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- Is life insurance off-limits after a suicide attempt?
- February 6th, 2012 4:04 PM
Life insurance and suicide probably tops anyone’s list of least favorite subjects—right up there with root canals and tax audits. That’s probably why the relationship between life insurance and suicide is so widely misunderstood.
It’s a common misperception that a life insurance company won’t pay on a policy if the insured took their own life, yet the only time this is true is if the suicide takes place within two years of obtaining a policy. Another misperception is that life insurance can’t be obtained after a suicide attempt.
Each life insurance policy has a two-year “contestability clause” that gives the company the right to refuse payment on a suicide or in cases where the insured withheld information, such as a serious illness or a hazardous occupation.
“People have a great fear of having a policy where the death claim is not going to be paid or there’s a perception out there that they can’t trust the insurance company and the reality is that nearly 100 percent of all death claims are paid,” says Ryan Pinney, Vice President of Brokerage Services at Pinney Insurance Center, Inc. in Roseville, Calif. “The very rare exceptions are when there has been purposeful malfeasance or fraud perpetrated on the company and usually only during the two-year contestability period.”
He says there have even been cases where a company did pay after a suicide, within the two-year contestability period, after it was proven that the policyholder wasn’t suicidal at the time the policy was written and therefore the act wasn’t premeditated.
Obtaining life insurance after a suicide attempt is possible, but companies will want a waiting period of a few years after someone had talked of suicide (suicidal ideation) or made an actual attempt, along with proof of treatment. Basically, an insurer will want some level of assurance that the problem has been mitigated.
“An underwriter will want to examine someone’s entire medical history, the circumstances surrounding an attempt and when it took place,” says Shelby Hollister, Vice President of Life Insurance Underwriting at Genworth Financial.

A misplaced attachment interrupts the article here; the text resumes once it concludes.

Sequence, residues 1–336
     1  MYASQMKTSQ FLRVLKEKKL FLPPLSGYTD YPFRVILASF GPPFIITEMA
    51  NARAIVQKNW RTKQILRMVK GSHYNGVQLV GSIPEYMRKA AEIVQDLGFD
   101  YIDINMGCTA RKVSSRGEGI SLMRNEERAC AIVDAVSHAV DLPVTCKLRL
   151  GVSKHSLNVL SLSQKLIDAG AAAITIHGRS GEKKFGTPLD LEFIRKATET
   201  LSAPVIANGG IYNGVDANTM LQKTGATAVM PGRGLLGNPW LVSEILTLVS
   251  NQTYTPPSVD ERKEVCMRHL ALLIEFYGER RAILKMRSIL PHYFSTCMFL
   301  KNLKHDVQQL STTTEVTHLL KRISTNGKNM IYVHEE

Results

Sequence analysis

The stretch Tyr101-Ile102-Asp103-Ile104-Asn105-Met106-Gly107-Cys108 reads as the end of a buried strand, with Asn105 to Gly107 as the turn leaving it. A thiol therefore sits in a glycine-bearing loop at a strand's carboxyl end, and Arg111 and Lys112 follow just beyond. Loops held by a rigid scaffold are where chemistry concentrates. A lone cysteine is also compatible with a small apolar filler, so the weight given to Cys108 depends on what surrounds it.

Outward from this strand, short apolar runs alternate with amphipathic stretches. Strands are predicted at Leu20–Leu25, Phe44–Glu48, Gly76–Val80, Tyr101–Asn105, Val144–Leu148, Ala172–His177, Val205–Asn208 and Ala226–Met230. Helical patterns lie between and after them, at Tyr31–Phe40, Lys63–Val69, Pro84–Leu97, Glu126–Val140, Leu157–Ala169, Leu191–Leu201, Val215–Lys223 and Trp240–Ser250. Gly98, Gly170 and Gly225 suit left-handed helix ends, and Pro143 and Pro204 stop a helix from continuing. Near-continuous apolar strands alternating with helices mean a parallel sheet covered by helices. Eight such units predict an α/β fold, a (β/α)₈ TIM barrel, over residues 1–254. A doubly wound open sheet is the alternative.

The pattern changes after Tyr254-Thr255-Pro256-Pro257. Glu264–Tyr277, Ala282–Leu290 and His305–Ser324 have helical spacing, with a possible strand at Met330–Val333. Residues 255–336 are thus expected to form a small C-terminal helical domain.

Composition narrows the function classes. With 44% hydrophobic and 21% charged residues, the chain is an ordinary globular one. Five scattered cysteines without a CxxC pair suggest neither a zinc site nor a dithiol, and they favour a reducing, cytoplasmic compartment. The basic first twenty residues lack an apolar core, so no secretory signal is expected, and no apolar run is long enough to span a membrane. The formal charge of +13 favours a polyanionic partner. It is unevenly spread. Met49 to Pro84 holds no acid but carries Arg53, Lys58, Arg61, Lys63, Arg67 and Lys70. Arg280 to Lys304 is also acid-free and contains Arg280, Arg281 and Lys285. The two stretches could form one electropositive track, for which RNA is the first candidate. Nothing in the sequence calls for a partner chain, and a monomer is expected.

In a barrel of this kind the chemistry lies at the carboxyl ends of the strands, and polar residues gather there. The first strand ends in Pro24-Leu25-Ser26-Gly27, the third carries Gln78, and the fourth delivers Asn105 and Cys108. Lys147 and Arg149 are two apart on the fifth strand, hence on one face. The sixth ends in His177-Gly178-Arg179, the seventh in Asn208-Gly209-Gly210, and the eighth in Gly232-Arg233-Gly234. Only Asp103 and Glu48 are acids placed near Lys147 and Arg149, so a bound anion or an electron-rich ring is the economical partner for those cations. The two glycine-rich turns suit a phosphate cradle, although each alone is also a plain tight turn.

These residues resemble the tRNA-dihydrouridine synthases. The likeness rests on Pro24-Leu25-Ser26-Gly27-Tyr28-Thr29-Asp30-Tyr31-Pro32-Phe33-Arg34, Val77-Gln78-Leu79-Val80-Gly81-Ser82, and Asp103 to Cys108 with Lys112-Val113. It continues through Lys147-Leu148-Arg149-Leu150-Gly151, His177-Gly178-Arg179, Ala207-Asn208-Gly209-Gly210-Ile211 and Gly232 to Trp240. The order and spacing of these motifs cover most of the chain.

“We would also review the individual’s current physical state and state of mind, reviewing underlying psychological conditions, the number of attempts, and diagnosis,” Hollister says. “From there, we may decide to grant insurance, require a higher premium, delay, or worst case scenario, deny coverage. Each individual case is different and carefully reviewed.”
Companies will also view talk of a suicide differently than an actual attempt. A company offering coverage after an attempt would require a much higher premium. In some cases, an applicant might be denied or told to reapply in a few years. A suicide attempt would also require a higher premium than someone who had only talked about it.
Hollister says the decision to cover or deny insurance coverage is made on a patient-by-patient basis. Several factors may be taken into consideration, such as the amount of time since the last attempt and the outcome of the prognosis. Other factors, according to Hollister, might include the type of medication prescribed and the reason behind the suicidal thoughts and if it has happened again since.
Often, the person may have just been going through a rough patch and thoughts of suicide were tied to a specific event.
“That’s a completely different situation than someone who has suicidal thoughts on an ongoing or regular basis,” Hollister says. “Depending on the disorder we may not offer coverage for a few years.”
If a patient has talked of suicide with their doctor, that information would be noted in their medical records and will be something a provider would take a closer look at. Pinney says the life insurance company will also want a waiting period of anywhere from one to three years after someone talks about suicide or even longer if there’s been an actual attempt.
“Three years if it’s a formal attempt and typically more like five, and if it’s suicidal thoughts then a lot of times it’s once treatment has been completed or once you’re on an antidepressant or lifestyle factors have changed to be significant enough to make a difference,” Pinney says. “What they would want to see is that a considerable amount of time had passed from an attempt or a discussion about it and that treatment also took place. For example, that they’re now on antidepressant drugs or they’ve been through counseling or both.”
If you or someone you know is talking about committing suicide, call the National Suicide Hotline at 1-800-784-2433 (1-800-SUICIDE) or 1-800-273-8255 (1-800-TALK).
This article was originally published by Life Quotes, Inc.
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